In order to have the resilience to keep working towards a more just future, we must develop our ability to dream and hope together. Let us ask, what does this border wall signify and indicate about our society? What barriers exist between individuals and communities that enable and secure physical borders? But let us also ask, how else can this and all geographical, political, social, cultural, environmental borders look and what steps can we take to get there? What would a world look like in which people could move freely to better their life circumstances? What would a world look like where people would not have to leave their homes? What would a world look like where we all had access to all of the goods, services, and opportunities that we need?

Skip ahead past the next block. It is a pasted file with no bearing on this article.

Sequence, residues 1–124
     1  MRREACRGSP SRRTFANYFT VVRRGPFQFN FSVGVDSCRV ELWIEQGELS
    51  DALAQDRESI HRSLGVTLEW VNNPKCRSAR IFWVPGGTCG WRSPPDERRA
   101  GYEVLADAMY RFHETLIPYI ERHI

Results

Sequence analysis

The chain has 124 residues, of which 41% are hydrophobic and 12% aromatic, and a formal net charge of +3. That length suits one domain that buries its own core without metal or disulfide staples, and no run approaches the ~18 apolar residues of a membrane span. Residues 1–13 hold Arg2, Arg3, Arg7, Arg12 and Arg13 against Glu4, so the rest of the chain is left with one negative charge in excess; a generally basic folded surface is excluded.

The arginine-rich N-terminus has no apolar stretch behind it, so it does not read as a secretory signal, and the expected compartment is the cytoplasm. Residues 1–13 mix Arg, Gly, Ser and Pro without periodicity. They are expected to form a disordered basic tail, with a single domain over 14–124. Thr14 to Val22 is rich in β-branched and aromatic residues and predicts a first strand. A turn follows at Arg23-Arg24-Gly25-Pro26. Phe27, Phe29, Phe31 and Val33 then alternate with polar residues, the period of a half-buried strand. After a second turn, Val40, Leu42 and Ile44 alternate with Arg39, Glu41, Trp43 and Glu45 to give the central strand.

These are the kinds of questions that Taller Yonke ask when they insert themselves in the narrative of the border which is continuously justified in the mainstream media and by government and state powers as a protection to our national security against terrorism and is used a tool to construct the legality and illegality of people. It is used to harbor fear of those who fit outside of the normative white upper-middle class America and to present them as a drain on the country, erasing and twisting their historical and current contributions and the U.S.’s role in creating conditions where people are forced to their homeland. The border serves to reinforce power. By pushing back against it’s physical, militarized form we also question the ideas that uphold it. Taller Yonke is more than just “junkyard” artwork; they inspire us to recognize our internal strength, beauty, and passion – indeed, become one with our inner flower – and root ourselves in the most desolate of junkyards. Surely someday a garden will flourish.